For him, the other teams framed the challenge wrong since they could only try out their ideas once a year. He viewed the challenge as not to design the aircraft itself but to come up with a faster design process. So he created a modular solution which let him re-assemble the parts in just a few hours. With this, iterations went much faster and after just six months, he had designed a version which won.
We can apply the same idea for our design process – and prototypes delivery! First understand the idea behind the iterations and the prototype. Then we can find the best tool, fidelity or whatever to fit our needs best.
How to choose a prototyping tool you need
Now that we’ve defined what we need prototypes for, let’s look at the flavours they come in. We usually define them as high- or low-fidelity. The more the prototype resembles the final product, the higher the fidelity. A vast number of prototyping tools abound for designers. Just to name a few: Mockplus, Balsamiq, Flinto, Framer X, Axure, Origami, InVision, Proto.io, UXPin, Marvel, Justinmind and the list goes on. But keep in mind that in a lot of cases you don’t even need an additional program to build prototypes. You can also use Sketch, Figma, Adobe XD, Keynote, PowerPoint, or even a piece of paper. I haven’t personally tried them all but we’ve tried quite a few at UX studio. Everyone has their favourite, but consider three things before you pick:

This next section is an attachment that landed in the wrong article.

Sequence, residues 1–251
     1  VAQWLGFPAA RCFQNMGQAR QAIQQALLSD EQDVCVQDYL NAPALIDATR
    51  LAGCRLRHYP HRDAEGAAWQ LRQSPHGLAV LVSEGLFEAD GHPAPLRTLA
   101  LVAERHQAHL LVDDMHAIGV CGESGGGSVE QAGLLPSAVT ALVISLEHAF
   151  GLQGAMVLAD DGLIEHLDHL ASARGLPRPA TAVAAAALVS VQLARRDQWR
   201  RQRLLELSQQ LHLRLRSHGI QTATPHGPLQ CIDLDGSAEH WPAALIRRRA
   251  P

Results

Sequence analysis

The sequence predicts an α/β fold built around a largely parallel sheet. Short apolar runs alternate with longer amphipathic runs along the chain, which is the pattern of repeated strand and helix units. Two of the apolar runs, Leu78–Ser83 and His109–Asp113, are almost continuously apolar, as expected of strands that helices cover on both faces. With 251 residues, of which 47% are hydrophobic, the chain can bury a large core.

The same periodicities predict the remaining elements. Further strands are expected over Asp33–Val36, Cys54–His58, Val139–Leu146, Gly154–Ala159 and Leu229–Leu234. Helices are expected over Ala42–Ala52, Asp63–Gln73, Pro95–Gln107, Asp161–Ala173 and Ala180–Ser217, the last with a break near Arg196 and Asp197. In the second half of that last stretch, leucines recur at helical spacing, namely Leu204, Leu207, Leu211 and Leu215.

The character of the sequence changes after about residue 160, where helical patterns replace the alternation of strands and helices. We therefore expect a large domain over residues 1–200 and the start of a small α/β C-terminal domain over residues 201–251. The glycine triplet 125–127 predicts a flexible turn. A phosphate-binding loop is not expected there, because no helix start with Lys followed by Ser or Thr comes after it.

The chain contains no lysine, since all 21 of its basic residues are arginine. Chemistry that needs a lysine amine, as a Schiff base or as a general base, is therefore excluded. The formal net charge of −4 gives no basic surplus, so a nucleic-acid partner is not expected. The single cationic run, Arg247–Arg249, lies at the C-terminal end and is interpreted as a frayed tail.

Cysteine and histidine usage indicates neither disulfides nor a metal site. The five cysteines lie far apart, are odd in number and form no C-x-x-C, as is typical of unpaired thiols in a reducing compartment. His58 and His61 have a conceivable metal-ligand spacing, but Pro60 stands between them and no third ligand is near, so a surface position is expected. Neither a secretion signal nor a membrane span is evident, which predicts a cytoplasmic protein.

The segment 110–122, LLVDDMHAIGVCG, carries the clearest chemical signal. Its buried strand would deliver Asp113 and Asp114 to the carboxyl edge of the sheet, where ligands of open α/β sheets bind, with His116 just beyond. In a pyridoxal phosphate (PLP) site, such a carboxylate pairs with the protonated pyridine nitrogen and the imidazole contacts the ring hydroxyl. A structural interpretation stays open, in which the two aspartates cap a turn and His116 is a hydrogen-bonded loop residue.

- Prices can vary greatly, so think about whether using the particular tool would pay off. Can you actually utilise its full potential?
- How fast can you get the desired outcome? The faster you can produce a prototype, the better. But it usually comes with a trade-off in the fidelity.